|Game, Set and Lodge: Freemasons and Sport exhibition at the Library and Museum on Great Queen Street runs from 2 July-21 December 2012|
Freemasons pay tribute to retiring Grand Charity president Grahame Elliott’s ‘dedication and vision’, while welcoming his successor, Richard M Hone
Grahame Elliott, CBE, retired as president of the Grand Charity on 25 April 2012, and has been succeeded by Richard Hone, QC. The new president first joined the Council of the Grand Charity in 1997, initially serving for nine years during which time he was chairman of the Finance Committee and was instrumental in bringing about a major revision of the charity’s constitution. After a gap of five years, Richard’s re-appointment in June 2011 was much welcomed by the other council members. Initiated in Apollo University Lodge in 1968, he is a senior circuit judge at the Central Criminal Court in London.
Grahame Elliott has served on the council for the past nine years, the first three as a member appointed by the Provincial Grand Master for East Lancashire, whose Province held the charity’s festival in 2004.
As president, Grahame has led the charity with much dedication and vision. He has joined with the other presidents of the central masonic charities to develop a closer working relationship, made easier by the charities’ move into Freemasons’ Hall. The Council of the Grand Charity wishes both Richard Hone and Grahame Elliott much success for the future.
Did you know that before the flashing signs of Piccadilly Circus, a lavish restaurant called Café Monico stood there? A catalogue of historical objects reveals London in constant flux
The sights of London attract millions of visitors from all over the world to the city every year. In an ongoing project, the Library and Museum has been shedding new light on how London used to look. With the support of The London Grand Rank Association Heritage and Education Trust, staff have been working to catalogue nearly 2,000 items, including glassware, banners, ceramics and lodge and chapter jewels – all with London links.
One of the catalogued jewels is a Past Master’s jewel for Temperantia Lodge, No. 4058. Founded in 1920, the lodge met until 1942 at the Café Monico in Shaftesbury Avenue. The jewel has a painted enamel of the Shaftesbury Memorial Fountain, commonly known as Eros, which stood at the centre of Piccadilly Circus in front of the Café Monico.
Monico was established in 1877, and the masonic suite was on the second floor. In the 1950s the business was acquired by the Forte Group and the buildings demolished. The site, still known as Monico, is now occupied by Piccadilly Circus’s illuminated signage.
You can view the full range of items in the collection by searching the Library and Museum’s catalogue for ‘London On-line’.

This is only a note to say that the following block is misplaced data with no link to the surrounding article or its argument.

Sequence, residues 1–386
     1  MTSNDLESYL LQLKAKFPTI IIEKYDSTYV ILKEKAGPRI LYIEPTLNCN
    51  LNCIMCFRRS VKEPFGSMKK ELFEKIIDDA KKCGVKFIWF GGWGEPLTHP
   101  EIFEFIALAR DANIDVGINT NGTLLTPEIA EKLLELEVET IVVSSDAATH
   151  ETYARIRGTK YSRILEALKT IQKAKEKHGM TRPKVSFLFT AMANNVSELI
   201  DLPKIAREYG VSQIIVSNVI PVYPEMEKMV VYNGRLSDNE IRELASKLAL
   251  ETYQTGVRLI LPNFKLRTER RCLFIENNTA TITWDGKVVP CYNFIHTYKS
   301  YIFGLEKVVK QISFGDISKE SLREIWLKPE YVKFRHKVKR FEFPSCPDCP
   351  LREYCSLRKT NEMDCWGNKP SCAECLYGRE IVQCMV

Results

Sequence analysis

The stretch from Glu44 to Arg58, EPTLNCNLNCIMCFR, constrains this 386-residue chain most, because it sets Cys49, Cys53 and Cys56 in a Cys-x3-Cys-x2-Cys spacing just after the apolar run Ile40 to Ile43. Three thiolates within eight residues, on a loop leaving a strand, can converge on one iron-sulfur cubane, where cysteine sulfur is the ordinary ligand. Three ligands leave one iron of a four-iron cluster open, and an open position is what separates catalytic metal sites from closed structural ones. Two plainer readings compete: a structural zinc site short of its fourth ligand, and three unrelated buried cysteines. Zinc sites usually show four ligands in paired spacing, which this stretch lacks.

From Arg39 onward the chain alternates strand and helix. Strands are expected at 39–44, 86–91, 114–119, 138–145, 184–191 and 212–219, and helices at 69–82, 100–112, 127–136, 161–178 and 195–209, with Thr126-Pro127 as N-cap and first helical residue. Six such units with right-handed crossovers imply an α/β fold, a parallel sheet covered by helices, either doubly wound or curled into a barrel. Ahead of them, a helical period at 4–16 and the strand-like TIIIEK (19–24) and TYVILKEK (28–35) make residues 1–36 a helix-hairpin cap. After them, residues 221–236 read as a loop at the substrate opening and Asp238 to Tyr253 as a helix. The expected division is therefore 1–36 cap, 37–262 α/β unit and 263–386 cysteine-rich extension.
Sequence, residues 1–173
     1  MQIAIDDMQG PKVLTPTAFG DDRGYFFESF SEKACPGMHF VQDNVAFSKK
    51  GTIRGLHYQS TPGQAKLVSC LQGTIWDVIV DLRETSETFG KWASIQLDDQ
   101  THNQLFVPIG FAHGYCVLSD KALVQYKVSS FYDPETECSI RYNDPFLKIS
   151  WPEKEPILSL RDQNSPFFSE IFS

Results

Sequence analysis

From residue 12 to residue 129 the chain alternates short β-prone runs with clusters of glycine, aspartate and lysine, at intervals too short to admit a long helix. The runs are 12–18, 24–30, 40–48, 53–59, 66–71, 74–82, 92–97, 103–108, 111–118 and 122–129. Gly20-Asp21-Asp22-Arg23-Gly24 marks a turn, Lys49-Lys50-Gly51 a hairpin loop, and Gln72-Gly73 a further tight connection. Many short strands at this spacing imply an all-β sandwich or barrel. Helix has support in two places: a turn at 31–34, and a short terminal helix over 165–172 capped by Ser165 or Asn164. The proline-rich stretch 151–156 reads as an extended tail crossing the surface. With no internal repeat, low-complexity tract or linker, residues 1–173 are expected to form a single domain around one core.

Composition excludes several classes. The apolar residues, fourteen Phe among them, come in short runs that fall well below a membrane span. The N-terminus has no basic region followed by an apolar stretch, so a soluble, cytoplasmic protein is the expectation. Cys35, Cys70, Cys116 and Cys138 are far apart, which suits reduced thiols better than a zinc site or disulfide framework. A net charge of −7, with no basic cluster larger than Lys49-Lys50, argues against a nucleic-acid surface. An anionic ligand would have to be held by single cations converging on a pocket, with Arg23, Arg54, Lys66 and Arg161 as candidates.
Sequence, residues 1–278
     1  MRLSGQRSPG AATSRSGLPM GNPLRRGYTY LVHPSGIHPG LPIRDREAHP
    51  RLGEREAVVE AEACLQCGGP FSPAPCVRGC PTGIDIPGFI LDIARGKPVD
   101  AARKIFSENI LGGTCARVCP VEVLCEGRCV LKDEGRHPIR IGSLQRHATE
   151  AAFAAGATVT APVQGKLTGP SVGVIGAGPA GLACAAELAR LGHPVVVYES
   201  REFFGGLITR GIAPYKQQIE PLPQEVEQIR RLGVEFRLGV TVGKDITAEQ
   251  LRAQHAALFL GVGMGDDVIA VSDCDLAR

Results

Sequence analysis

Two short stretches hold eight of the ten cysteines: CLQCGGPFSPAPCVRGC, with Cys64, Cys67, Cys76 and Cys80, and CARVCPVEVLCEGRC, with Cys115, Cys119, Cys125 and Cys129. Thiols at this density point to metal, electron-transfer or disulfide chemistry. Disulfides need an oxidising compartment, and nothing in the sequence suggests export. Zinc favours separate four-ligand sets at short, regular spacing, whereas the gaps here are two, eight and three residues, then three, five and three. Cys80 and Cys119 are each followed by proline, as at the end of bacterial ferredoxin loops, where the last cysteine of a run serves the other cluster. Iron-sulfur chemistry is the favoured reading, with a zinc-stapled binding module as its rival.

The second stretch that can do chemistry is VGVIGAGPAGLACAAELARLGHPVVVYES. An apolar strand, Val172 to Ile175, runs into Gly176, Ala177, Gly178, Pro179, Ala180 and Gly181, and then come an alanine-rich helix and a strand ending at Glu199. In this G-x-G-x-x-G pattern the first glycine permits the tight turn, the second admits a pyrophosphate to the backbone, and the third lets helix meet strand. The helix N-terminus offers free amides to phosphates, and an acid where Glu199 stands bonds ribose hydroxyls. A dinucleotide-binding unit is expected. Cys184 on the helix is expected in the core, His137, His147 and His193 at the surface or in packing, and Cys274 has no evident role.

With many lodges struggling to recruit and retain members, Mike Hailwood Lodge No. 9839, is gaining candidates fast, as one would expect from a masonic body named after a world champion motorcyclist and racing car driver.
The lodge was consecrated by Warwickshire Provincial Grand Master, Michael J Price, at Edgbaston, Birmingham on Friday 25 April 2008 with 31 founding members present. It now has 58 members including three from the Isle of Man – the scene of so many of Mike Hailwood’s triumphs – where the lodge holds its September meeting every other year.
The lodge’s very first initiate was David Hailwood, the son of the late Mike Hailwood. Their latest recruit, Phillip Carter, aged 78, was initiated by his son Tim in the presence of Alan Welling, Deputy Provincial Grand Master for Warwickshire.
The secret of the lodge’s success? Well, for a start, getting to race around the Isle of Man TT course. Such is the flow of initiates that the by-laws are to be changed to include an extra meeting to cope with the ceremonies. Warwickshire’s Provincial Grand Master also goes along with his wife, who attends the Festive Board with the other ladies.
Mike Hailwood, whose father Stan was a Freemason, won nine motorcycle world titles between 1961 and 1967, then turned to motor racing, becoming European Formula 2 Champion. He then embraced Formula 1, but his career ended abruptly in 1974 when he crashed his McLaren on Germany’s daunting Nürburgring track. Disabled by leg injuries, he retired to New Zealand, but by 1978, at the age of 38, he was back at the Isle of Man TT to take on and beat the entire field. His victorious return there has been described as one of the most emotional moments of twentieth-century sport.
For more information about Mike Hailwood Lodge No. 9839, visit www.mikehailwoodlodge9839.co.uk
Six local hospices received cheques from East Kent Province on behalf of The Freemasons’ Grand Charity at a meeting of Maidstone’s Millennium Lodge of Charity No. 9730
Since 1984, the Grand Charity has donated £8.7 million to hospices in England and Wales, supporting the ongoing compassionate care that they give to patients and their families. Last year, £600,000 was distributed to 226 hospices, including an allocation of £100,000 specifically for services dedicated to caring for children. As well as supporting individuals who need hospice care, staff also support families and close friends during illness and bereavement.
The Lodge of Rectitude, No. 335, has celebrated its bicentenary. The lodge by-laws state that membership is limited to 60, and as far as practicable be recruited equally from among lodges meeting in Wiltshire and Somerset.
In addition, at the June installation, the new Master must also provide the strawberries and cream at the Festive Board. During the meeting a cheque was presented to Wiltshire PGM Francis Wakem for £1,500 towards the 2017 Festival for the Masonic Samaritan Fund.